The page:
The Museum of Turkish and Islamic Art was the last museum opened in the Ottoman period, commissioned as a result of the continued theft of pieces of art from various cultural and religious buildings throughout the country. In 1913 it opened its doors to the public as the “Museum of Muslim endowments”, located in the complex of Suleymaniye Mosque.
After the establishment of the Republic, the Museum acquired its current name and was transferred to the former Palace of Ibrahim Pasha, Grand Vizier and brother in law of Süleyman the Magnificent. It is located in the old Hippodrome or Sultanahmet Square, in the district of Fatih.
The museum houses more than 40 000 items of various categories. It includes a remarkable collection of tiles, ceramics, carpets, Islamic calligraphy, sarcophagi and various versions of the Koran, as well as several ethnographic samples from different Turkish cultures, especially nomadic; recreating rooms and homes from different periods and regions.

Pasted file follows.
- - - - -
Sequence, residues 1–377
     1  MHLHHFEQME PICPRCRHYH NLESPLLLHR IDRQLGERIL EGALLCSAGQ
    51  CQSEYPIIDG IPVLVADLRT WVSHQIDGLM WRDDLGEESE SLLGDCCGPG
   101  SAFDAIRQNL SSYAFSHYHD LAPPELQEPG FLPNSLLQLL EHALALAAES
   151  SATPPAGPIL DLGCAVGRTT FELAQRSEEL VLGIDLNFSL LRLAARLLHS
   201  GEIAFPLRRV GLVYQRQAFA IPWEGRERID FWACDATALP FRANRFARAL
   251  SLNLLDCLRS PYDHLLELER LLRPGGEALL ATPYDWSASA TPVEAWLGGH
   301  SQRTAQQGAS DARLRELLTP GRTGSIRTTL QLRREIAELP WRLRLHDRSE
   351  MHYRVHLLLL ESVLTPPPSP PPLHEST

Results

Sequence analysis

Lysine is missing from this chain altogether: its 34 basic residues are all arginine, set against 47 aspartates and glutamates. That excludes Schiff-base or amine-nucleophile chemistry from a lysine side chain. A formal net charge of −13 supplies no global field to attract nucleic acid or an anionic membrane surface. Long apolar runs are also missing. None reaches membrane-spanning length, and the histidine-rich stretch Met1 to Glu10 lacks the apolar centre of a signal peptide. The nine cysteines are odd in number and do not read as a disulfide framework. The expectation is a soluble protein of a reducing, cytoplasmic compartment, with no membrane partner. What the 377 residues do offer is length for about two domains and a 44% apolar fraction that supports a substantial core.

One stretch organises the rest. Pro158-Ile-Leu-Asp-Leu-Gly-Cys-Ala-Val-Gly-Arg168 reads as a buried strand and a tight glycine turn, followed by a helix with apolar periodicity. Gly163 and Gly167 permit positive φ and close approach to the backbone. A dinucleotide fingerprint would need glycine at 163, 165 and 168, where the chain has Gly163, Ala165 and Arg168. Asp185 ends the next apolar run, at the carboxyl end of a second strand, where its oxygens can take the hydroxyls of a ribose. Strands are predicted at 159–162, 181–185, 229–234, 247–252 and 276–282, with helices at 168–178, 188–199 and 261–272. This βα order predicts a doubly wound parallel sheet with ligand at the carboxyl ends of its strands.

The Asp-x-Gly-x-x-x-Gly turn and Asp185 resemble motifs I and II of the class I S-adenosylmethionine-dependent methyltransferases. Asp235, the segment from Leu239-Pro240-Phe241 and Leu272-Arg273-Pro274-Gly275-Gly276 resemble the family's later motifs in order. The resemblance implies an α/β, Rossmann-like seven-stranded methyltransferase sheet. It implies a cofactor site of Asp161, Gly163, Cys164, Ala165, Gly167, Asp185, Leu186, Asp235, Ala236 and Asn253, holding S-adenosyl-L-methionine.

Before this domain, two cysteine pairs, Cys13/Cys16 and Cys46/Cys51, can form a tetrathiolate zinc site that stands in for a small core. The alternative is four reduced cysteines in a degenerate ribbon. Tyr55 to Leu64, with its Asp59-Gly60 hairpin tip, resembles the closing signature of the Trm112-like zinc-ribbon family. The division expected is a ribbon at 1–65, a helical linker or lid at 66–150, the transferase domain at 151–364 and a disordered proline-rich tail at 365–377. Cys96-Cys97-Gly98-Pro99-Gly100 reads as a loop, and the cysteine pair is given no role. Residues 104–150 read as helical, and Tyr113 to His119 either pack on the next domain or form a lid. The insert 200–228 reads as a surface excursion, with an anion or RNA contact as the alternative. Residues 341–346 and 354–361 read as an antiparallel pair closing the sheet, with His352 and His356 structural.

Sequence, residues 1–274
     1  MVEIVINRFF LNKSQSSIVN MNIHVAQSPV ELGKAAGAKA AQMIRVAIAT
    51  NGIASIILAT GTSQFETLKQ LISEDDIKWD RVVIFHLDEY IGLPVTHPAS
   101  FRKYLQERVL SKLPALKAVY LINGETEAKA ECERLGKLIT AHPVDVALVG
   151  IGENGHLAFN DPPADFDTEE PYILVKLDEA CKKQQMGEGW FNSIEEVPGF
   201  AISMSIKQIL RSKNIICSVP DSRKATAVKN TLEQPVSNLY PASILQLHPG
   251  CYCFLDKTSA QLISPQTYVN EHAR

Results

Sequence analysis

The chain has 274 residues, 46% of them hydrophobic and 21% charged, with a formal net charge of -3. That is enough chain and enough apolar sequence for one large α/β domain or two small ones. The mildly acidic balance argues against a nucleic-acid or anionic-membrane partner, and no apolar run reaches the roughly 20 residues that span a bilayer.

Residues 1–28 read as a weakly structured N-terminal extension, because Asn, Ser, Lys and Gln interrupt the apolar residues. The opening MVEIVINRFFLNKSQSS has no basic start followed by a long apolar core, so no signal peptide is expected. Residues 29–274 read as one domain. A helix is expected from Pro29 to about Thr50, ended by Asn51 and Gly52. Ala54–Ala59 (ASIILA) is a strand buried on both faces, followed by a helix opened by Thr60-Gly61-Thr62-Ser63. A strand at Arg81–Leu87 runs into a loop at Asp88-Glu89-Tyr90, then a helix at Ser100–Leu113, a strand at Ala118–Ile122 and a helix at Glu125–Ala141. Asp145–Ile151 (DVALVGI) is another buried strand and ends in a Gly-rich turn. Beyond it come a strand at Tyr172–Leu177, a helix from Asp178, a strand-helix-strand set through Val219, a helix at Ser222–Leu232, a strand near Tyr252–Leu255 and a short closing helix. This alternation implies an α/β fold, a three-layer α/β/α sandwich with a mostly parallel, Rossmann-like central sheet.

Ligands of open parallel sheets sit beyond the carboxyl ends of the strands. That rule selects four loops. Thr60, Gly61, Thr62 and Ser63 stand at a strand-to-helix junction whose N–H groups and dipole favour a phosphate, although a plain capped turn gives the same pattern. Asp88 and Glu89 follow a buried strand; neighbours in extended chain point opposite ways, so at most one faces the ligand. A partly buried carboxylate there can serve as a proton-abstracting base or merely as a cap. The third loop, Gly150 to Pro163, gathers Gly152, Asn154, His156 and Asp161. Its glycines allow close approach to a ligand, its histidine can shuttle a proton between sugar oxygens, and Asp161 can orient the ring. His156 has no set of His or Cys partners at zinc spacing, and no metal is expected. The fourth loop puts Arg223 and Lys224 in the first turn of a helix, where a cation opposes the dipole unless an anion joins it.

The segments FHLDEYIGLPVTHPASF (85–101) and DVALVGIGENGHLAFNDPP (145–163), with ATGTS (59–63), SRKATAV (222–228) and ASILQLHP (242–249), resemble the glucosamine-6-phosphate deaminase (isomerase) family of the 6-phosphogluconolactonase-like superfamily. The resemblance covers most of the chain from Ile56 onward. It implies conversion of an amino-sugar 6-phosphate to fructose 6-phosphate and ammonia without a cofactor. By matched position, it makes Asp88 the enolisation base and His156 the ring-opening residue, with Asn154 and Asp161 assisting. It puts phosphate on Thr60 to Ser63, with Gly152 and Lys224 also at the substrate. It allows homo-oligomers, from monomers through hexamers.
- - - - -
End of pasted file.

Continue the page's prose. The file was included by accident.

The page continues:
This museum promises an excellent experience, especially to fans of museum art. The ethnographic section is very striking and very well attended. The terrace of the museum, next to the Blue Mosque, has excellent views.
Due to major maintenance work, the museum will be closed to the public until December 2013.
At Meydani 46, Sultanahmet.
From Tuesdays to Sundays: from 9:00 to 17:00.
Closes on Mondays.
Adults: 10 tl.
How to get there?
Tram: To Sultanahmet, T1 Line.
Blue Mosque (195 m)
Basilic Cistern (352 m)
Haghia Sophia (502 m)
Grand Bazaar (745 m)